TOLEDO MUTUAL HOUSING CORP v. John Doe and Jane Doe, Undertenants.

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Supreme Court, Appellate Term,

TOLEDO MUTUAL HOUSING CORP., Respondent–Appellant, v. Norma SCHWARTZ and Marc Schwartz, Appellants–Respondents, John Doe and Jane Doe, Undertenants.

Decided: October 14, 2011

Present:  STEINHARDT, J.P., PESCE and WESTON, JJ. Holihan & Associates, P.C., Richmond Hill (Stephen Holihan of counsel), for respondent. Vernon & Ginsburg, LLP, New York City (Yoram Silagy of counsel), for appellant.

Appeal and cross appeal from an order of the Civil Court of the City of New York, Queens County (Anne Katz, J.), entered March 17, 2010.   The order, insofar as appealed from by tenant Norma Schwartz and undertenant Marc Schwartz, denied the branch of their motion seeking an award of attorney's fees in a holdover summary proceeding. The order, insofar as cross-appealed from by landlord, granted the branch of the motion by tenant Norma Schwartz and undertenant Marc Schwartz seeking to dismiss the petition.

ORDERED that the order is affirmed, without costs.

In this holdover proceeding predicated on a claim that tenant Norma Schwartz and undertenant Marc Schwartz (hereinafter tenants) had violated their proprietary lease by harboring a dog without landlord cooperative corporation's consent, tenants moved to dismiss the petition and for an award of attorney's fees, asserting that they had harbored the dog openly and notoriously for more than three months and were thus protected under the New York City Pet Law (Administrative Code of City of N.Y. § 27–2009.1).   In opposition, landlord asserted that it had forbore from commencing this proceeding because it had relied, to its detriment, on a request by tenants for a period of three weeks to resolve the issue.   The Civil Court granted the branch of tenants' motion seeking to dismiss the petition but denied the branch of their motion seeking attorney's fees.   Tenants appeal from the denial of attorney's fees, and landlord cross-appeals from the dismissal of the petition.   We affirm.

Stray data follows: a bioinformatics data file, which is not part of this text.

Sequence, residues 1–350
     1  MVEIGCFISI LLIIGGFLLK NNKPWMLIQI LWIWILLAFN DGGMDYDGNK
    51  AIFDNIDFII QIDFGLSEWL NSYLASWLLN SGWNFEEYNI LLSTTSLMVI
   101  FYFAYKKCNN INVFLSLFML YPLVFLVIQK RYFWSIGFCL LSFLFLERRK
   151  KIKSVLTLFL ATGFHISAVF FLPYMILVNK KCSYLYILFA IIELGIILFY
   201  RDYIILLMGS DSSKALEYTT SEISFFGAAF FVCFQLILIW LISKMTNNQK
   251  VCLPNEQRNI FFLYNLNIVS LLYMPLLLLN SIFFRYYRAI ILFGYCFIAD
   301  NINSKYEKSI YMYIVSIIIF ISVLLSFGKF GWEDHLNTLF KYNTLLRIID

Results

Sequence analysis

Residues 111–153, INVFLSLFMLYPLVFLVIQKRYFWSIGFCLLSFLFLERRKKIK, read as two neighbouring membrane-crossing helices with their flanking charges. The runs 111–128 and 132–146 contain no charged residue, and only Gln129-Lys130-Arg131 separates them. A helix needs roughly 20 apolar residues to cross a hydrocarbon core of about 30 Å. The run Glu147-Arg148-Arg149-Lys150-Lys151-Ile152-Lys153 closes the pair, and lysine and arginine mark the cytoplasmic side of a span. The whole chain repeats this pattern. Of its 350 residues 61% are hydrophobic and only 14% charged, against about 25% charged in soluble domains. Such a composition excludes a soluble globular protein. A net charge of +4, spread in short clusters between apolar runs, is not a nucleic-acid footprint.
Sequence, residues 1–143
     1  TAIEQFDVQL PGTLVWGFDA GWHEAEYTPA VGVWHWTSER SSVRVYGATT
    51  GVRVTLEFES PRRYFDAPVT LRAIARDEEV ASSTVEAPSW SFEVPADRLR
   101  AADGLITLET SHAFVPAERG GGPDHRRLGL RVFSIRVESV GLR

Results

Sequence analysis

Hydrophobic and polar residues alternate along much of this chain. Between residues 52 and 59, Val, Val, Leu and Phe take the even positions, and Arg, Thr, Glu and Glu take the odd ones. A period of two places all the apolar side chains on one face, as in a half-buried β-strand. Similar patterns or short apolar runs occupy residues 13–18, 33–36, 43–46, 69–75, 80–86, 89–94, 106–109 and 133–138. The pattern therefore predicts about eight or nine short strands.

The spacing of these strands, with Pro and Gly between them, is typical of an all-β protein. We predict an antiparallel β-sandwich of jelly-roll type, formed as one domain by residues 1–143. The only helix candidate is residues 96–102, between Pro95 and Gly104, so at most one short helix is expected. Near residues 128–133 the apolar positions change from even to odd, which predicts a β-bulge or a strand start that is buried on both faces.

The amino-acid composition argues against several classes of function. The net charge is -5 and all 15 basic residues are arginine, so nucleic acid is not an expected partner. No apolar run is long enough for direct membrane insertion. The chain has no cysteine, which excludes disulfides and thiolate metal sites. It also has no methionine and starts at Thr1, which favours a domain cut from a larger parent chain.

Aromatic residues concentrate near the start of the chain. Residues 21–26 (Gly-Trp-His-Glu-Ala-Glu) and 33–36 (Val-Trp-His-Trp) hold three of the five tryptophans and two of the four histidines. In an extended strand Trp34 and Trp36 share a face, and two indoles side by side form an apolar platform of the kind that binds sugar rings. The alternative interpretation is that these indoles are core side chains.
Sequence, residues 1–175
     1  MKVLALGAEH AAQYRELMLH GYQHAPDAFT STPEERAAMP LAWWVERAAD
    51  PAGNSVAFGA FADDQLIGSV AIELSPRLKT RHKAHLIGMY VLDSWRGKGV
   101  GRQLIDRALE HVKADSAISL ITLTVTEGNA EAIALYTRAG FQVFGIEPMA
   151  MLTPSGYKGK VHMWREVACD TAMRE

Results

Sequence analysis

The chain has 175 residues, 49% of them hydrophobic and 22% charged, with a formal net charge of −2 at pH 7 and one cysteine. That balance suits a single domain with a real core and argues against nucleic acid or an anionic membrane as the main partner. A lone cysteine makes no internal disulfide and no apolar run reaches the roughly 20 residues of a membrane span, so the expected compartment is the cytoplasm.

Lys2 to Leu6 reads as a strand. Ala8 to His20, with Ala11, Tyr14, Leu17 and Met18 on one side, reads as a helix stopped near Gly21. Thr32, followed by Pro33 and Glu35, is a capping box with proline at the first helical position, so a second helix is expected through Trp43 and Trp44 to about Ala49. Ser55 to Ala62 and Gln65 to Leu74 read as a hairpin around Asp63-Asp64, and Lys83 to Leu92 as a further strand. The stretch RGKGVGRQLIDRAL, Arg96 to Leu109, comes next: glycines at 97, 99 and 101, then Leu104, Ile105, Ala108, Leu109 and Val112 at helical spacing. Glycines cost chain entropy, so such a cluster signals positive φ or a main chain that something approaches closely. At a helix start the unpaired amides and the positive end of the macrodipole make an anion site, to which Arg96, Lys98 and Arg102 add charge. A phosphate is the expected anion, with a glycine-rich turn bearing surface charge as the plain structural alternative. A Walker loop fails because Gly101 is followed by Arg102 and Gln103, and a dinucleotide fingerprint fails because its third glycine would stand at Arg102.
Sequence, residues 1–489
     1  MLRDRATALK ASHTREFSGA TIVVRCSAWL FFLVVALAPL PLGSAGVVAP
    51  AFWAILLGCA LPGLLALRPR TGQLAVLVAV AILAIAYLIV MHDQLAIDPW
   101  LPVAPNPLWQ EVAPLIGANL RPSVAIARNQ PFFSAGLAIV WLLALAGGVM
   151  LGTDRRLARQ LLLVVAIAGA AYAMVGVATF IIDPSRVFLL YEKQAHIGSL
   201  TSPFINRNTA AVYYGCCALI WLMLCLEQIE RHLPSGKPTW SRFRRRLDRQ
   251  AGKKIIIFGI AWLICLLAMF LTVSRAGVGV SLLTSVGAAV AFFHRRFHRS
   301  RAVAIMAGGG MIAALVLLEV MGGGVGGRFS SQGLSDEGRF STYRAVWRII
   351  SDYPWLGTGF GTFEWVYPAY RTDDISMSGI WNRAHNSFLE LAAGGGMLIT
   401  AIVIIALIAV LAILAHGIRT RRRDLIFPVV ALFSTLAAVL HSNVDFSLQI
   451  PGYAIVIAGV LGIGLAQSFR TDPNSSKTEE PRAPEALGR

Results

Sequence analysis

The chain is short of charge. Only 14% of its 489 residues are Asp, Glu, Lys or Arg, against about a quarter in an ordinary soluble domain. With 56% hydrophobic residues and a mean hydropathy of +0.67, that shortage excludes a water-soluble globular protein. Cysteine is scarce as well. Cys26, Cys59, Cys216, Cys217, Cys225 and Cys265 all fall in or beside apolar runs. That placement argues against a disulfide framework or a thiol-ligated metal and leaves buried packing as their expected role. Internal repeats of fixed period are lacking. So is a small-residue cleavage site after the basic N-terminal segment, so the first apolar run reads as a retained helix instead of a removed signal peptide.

Notwithstanding landlord's claim that it refrained from commencing proceedings based on its reliance on tenants' assurance that the matter would be resolved, landlord's failure to commence the proceeding within three months constitutes a waiver of its no-pet provision (Administrative Code of N.Y. § 27–2009.1;  see Seward Park Hous. Corp. v. Cohen, 287 A.D.2d 157, 162–163, 734 N.Y.S.2d 42 [2001];  Riverdale Park Corp. v. McDermott, N.Y.L.J., May 8, 2002 [Civ.Ct., Bronx County] ).   Moreover, even assuming, as landlord asserts, that tenants could be estopped from relying on the Pet Law based on their request for three weeks to resolve the problem, landlord did not successfully show that the three-month period had not expired even if the three weeks were excluded.   Consequently, the Civil Court properly dismissed the petition.

 Contrary to landlord's contention, Real Property Law § 234, enacted in 1966, which establishes an implied covenant providing a residential tenant with a right to recover attorney's fees, applies retroactively to this proprietary lease executed in 1962 (see Duell v. Condon, 84 N.Y.2d 773, 783, 622 N.Y.S.2d 891, 647 N.E.2d 96 [1995] ).   Moreover, as Real Property Law § 234 is to be read broadly (see e.g. H.M. Vil. Realty v. Caccavale, 5 A.D.3d 289, 290, 773 N.Y.S.2d 543 [2004] ), there is no merit to landlord's contention that the statute's application should be limited to attorney's fees' provisions found in leases, and should not apply here, where the provision is found not in the lease but in the by-laws, as the by-laws, in addition to the lease provisions, may be enforced against tenants.   However, under the particular facts of this case, tenants are not entitled to attorney's fees, in view not only of their blatant disregard of the lease no-pet provision but also of their assurance to landlord that they would resolve the problem, an assurance which they did not fulfill (see Matter of Stepping Stones Assoc. v. Seymour, 48 A.D.3d 581, 584, 853 N.Y.S.2d 562 [2008];  Carlton Estates, Inc. v. Cruz, 31 Misc.3d 144[A], 2011 N.Y. Slip Op. 50878[U], 2011 WL 1878841 [App. Term, 2d, 11th & 13th Jud. Dists. 2011];  Beach Haven Apts. No. 1 v. Cheseborough, 2 Misc.3d 33, 773 N.Y.S.2d 775 [App. Term, 2d & 11th Jud. Dists. 2003];  but cf. 184 W. 10th St. Corp. v. Marvits, 29 Misc.3d 134[A], 2010 N.Y. Slip Op. 51970[U], 2010 WL 4668427 [App. Term, 1st Dept.2010] ).

Accordingly, the order is affirmed.